I know what you’re thinking – ‘what lunch break?’ But as much as you think wolfing down a sandwich whilst wading through your emails is helping you get ahead, it’s not beneficial in the long run. Taking a real, actual break (that means tearing your eyes away from your computer screen and moving) can improve your concentration and productivity, ultimately helping you get more done.
In a study conducted by Bupa it was found that only 30 per cent of people take a lunch break. They also found that almost half of those who didn’t take a break felt that their productivity levels plummet in the afternoon. Bupa Clinical Director of Occupational Health, Dr. Jenny Leeser, said:
‘Best practice is for employees to take breaks – often in the form of a change of activity – at regular intervals throughout the day to help stay alert and focused.’
And what better way to fill your lunch hour than with some high intensity exercise that will get the blood pumping, endorphins flowing and give you a much-needed break from the office?
Our working culture is more and more dominated by staying late at the office, working weekends and answering your boss’s emails at 1am. It’s time we reclaimed our lunch breaks. It may only be 30-minutes, so fill it with something that will make you feel amazing.
Is 30 minutes of exercise enough?
The latest craze in the fitness world is High Intensity Interval Training or HIIT. The theory is based around short, intense bursts of exercise with rests in between – you only need between 15 and 30 minutes for the class to be effective. For example, sprinting for a minute followed by two minutes of walking, repeated five times, would be a brilliant 15-minute workout. Perfect for the lunch break!
A 2011 study presented at the American College of Sports Medicine concluded that just two weeks of High Intensity Interval Training can improve your aerobic capacity as much as six to eight weeks of endurance training. In other words – short bursts are better.
The benefits of HIIT
- Improves you ability to use oxygen
- Improves the efficiency of your heart
- Saves you time – it’s an efficient way to exercise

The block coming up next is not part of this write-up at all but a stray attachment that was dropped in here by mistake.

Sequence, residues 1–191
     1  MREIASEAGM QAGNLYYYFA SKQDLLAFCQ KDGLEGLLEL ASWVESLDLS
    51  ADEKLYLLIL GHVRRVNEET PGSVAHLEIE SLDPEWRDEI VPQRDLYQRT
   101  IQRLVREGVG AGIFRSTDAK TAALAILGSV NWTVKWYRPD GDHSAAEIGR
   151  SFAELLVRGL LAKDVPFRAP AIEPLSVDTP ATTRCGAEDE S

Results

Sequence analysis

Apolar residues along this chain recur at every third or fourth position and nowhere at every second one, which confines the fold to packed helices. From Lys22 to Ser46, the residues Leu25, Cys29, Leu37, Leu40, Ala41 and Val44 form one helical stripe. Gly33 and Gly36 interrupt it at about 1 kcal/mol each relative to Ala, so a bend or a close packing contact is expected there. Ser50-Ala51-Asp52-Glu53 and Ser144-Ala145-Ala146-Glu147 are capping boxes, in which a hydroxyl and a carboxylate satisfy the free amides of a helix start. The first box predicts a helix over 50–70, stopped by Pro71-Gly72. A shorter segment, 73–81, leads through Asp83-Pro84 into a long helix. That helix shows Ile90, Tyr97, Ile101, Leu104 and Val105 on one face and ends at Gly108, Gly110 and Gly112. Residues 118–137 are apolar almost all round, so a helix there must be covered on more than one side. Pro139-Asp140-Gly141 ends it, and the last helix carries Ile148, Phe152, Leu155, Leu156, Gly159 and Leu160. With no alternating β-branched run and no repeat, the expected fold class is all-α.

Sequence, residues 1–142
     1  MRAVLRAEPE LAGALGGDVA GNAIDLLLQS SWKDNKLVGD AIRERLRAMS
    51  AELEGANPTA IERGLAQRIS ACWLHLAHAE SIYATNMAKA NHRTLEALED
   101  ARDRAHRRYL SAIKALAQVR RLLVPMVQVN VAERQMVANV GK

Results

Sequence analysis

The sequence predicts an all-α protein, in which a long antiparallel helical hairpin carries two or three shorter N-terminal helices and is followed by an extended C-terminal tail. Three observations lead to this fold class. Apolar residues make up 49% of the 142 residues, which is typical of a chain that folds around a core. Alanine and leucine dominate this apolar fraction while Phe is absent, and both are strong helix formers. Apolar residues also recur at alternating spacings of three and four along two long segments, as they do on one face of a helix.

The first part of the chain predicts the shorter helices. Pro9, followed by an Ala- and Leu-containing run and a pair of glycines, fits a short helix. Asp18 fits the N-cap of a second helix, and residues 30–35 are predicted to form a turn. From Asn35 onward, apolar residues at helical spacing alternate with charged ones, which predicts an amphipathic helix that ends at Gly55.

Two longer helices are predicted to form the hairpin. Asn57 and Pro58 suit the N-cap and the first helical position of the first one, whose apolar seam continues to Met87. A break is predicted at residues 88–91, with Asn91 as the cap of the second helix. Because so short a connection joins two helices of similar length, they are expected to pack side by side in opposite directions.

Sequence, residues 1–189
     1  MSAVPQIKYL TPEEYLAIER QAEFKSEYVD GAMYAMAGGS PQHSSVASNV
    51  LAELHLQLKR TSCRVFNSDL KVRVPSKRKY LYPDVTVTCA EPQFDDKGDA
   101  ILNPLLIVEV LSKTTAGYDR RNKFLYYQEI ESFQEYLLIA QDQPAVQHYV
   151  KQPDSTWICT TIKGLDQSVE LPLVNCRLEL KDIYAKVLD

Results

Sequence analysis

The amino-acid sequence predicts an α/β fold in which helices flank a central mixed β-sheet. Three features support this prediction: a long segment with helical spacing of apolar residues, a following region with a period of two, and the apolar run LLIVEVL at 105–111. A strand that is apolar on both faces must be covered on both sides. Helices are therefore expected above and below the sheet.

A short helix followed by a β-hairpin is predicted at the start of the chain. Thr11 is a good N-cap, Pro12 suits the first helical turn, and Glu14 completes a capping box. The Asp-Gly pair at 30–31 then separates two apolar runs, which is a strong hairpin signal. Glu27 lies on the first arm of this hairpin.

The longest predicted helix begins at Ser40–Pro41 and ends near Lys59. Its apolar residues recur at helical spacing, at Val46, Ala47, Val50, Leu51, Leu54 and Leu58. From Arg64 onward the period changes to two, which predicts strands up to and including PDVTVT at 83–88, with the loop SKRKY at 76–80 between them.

- You don’t need any equipment
- Stimulates the production of the human growth hormone – which increases your metabolism
Tips for a lunchtime workout
- Don’t forget a change of clothes
- Exercise before you eat to avoid stitch
- Encourage your lunch buddies to come with you for moral support
- Dry shampoo is a must!
- Have porridge or eggs for breakfast for an energy boost
20-Minute HIIT Workout
3 rounds, 45 seconds work, 15 seconds rest. Rest for 1minute between each round.
- PRESS UPS: If you can’t do a full press up then drop onto your knees. Make sure your form is on point (straight back, strong core). Build up to full press ups with practice.
- SQUATS: It’s vital to keep your back straight and your heels on the ground. If you can’t squat deep enough then move your legs further apart.
- RUNNING ON THE SPOT: Keep the intensity high for the full 45 seconds – kick your heels to your bum
- LUNGES: Balance and core strength are key with lunges. Make sure you lunge as deep as possible, keeping your knee above your toes. Make sure to alternate legs.
- TRICEP DIPS: With your hands on a bench or low table, put your legs straight out and balance on your palms. Bend your elbows to lower yourself as far as you can before pressing back up.
10-Minute HIIT Treadmill Workout
Pressed for time? Near a treadmill? Give this a try:
- Set the treadmill to level 9 for a three-minute warm up.
- Set the treadmill to 12, 14, or 16 (depending on your fitness level and experience)
- Sprint for 30 seconds.
- Jump to the side of the treadmill for 30 seconds of recovery.
- Repeat this 10 times.
- After 10 minutes of sprints, set the treadmill to level 7 for a three-minute cool down.